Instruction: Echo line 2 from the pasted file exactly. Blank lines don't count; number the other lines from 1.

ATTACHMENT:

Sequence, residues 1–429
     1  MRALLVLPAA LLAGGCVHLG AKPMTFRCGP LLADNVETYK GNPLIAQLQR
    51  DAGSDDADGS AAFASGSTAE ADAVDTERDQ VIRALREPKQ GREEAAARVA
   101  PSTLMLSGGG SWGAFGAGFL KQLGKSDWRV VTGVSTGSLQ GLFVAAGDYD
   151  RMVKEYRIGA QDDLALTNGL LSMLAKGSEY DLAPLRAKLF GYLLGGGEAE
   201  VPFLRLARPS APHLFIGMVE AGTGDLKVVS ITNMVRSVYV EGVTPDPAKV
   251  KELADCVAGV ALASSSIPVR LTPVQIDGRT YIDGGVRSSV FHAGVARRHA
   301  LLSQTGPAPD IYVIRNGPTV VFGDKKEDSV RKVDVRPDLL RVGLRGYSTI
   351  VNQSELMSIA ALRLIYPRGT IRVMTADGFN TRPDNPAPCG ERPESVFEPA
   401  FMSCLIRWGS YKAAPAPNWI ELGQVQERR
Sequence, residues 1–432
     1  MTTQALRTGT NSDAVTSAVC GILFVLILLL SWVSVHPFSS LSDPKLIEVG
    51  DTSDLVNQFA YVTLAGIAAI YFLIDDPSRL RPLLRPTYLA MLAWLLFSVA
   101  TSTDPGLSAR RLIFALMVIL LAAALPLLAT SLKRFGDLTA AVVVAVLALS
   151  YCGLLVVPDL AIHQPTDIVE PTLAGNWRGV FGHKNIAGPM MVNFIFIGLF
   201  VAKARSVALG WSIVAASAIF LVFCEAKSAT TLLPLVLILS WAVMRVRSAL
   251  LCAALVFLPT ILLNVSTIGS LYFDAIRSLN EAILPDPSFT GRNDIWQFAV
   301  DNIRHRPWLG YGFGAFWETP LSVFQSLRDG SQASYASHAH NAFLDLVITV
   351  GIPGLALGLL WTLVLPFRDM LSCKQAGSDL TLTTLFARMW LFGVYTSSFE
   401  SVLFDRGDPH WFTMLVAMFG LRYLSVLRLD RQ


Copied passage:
     1  MRALLVLPAA LLAGGCVHLG AKPMTFRCGP LLADNVETYK GNPLIAQLQR